Rangoon, Burma -- AN armed group raided a Buddhist shrine in eastern Burma and stole the corpse of a revered monk whose body had been displayed as a holy relic in a glass coffin, an official said today.
The Buddhist monk Sayadaw Wi Na Ya, who died four years ago, was worshipped like a saint because he was believed to have attained the highest state of enlightenment.
After his death, his body was placed on display at his residence at Thamanya Hill in eastern Karen state.
Buddhists from across Burma and neighbouring Thailand came to pray at his coffin.
But an unidentified armed group stole his corpse late yesterday, without leaving any demands or explanation.
A local official said by telephone that an ethnic rebel group may have taken the body.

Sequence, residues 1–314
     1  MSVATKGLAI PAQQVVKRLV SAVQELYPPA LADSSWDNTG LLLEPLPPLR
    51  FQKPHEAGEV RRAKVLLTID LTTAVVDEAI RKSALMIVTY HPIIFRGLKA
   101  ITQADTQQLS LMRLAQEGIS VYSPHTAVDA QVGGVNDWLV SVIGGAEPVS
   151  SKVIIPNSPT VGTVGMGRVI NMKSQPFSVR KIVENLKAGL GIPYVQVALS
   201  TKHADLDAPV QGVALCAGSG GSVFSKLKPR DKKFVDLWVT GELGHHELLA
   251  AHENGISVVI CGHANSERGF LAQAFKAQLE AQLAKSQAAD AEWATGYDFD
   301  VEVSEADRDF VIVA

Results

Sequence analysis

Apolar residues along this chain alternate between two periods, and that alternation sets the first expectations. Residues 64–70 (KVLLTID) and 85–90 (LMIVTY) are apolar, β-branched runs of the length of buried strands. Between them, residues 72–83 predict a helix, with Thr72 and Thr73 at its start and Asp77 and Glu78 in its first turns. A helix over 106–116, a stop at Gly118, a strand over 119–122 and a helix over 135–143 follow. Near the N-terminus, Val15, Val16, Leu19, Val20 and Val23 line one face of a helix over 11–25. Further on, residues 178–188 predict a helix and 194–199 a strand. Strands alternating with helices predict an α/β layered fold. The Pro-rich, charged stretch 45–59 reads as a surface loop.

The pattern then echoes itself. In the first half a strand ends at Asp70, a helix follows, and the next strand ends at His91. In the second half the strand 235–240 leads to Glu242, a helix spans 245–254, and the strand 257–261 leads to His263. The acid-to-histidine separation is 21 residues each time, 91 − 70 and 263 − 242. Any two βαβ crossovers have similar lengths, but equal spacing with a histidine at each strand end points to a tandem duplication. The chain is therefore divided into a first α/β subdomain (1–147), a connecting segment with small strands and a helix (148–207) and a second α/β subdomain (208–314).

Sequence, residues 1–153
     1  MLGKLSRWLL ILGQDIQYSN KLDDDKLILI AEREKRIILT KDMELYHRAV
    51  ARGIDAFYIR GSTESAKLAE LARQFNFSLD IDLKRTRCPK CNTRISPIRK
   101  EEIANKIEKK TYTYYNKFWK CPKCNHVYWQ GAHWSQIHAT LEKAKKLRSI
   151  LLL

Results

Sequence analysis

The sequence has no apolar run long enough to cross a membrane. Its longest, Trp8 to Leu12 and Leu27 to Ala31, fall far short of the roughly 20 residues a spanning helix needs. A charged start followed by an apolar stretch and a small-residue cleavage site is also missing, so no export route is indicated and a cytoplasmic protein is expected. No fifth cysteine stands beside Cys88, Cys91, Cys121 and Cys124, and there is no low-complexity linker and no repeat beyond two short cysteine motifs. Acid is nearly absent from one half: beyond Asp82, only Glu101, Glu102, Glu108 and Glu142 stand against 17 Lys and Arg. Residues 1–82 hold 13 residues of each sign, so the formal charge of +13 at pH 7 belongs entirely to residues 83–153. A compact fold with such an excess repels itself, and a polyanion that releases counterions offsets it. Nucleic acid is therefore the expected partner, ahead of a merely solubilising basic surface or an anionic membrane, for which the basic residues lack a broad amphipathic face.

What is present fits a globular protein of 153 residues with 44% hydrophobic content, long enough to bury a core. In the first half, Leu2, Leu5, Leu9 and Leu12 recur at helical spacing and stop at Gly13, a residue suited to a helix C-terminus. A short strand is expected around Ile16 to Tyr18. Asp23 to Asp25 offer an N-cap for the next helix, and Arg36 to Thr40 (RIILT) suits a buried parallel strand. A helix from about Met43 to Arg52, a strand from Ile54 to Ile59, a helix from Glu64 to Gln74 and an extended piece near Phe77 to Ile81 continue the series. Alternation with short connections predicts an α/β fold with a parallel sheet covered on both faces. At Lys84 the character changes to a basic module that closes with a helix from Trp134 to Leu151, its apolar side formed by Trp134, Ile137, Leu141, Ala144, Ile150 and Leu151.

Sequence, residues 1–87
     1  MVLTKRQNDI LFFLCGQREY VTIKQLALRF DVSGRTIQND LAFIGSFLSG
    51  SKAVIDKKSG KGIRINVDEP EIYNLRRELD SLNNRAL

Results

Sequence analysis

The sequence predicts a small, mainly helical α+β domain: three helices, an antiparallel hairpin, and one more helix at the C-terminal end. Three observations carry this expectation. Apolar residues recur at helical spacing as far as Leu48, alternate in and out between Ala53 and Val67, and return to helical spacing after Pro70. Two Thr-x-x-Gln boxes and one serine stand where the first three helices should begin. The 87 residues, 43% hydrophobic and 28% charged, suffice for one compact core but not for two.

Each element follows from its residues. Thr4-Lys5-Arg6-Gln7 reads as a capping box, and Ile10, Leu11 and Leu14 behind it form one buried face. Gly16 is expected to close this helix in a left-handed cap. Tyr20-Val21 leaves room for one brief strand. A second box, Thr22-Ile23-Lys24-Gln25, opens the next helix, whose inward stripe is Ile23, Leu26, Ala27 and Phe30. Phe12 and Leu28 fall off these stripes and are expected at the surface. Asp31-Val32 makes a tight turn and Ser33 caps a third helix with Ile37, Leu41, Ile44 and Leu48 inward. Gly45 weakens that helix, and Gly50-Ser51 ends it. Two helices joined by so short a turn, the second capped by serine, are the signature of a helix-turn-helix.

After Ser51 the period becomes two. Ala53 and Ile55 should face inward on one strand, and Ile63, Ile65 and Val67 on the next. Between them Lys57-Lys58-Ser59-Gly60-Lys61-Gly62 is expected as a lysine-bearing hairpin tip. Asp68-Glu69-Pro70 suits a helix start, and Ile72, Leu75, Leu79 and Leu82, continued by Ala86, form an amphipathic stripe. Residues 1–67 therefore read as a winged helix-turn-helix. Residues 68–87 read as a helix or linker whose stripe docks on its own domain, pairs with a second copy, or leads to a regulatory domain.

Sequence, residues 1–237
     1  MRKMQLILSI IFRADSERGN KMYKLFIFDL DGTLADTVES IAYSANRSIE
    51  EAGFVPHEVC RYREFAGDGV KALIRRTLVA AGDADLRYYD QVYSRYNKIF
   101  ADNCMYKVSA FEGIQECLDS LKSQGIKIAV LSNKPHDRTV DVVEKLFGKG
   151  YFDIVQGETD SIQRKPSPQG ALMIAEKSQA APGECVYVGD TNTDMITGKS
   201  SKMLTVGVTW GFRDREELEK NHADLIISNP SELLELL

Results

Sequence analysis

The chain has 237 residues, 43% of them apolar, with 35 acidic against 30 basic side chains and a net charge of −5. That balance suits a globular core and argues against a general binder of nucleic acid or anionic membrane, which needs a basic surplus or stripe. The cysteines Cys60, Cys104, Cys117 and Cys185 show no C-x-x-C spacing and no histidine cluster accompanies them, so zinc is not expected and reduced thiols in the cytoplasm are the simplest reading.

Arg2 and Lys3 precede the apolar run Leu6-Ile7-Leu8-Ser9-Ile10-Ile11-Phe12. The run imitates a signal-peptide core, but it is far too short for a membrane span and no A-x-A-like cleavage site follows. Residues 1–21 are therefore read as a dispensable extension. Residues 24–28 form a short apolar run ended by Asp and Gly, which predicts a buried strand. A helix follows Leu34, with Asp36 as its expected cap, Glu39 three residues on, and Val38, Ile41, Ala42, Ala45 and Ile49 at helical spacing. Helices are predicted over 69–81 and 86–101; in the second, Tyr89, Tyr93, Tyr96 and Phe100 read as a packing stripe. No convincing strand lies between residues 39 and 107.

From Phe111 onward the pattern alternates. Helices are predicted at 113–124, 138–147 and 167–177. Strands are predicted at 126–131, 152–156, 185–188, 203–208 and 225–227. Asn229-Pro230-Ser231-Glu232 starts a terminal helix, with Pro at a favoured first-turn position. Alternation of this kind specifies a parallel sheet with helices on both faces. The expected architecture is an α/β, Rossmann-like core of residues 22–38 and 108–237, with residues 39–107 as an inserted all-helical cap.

"We are still investigating the case. We heard members of the Democratic Karen Buddhist Association took it. But they have no right to do so," he said.
The DKBA is allied with the country's ruling junta, and sometimes battles other ethnic Karen rebels as a proxy force for the regime.
"No one knows where they are taking it to and what for," said one resident in the nearby town of Hpaan.
More than 80 per cent of the people in Burma are Buddhist, and many believe that holy men like the monk provide protection to their followers even after death.
The military regime last September waged a deadly crackdown on Buddhist monks in Rangoon, where they led the biggest pro-democracy protests seen in nearly 20 years.
At least 31 people were killed, according to the United Nations, and the violence shocked many of the Buddhist faithful in Burma, who believe monks are untouchable.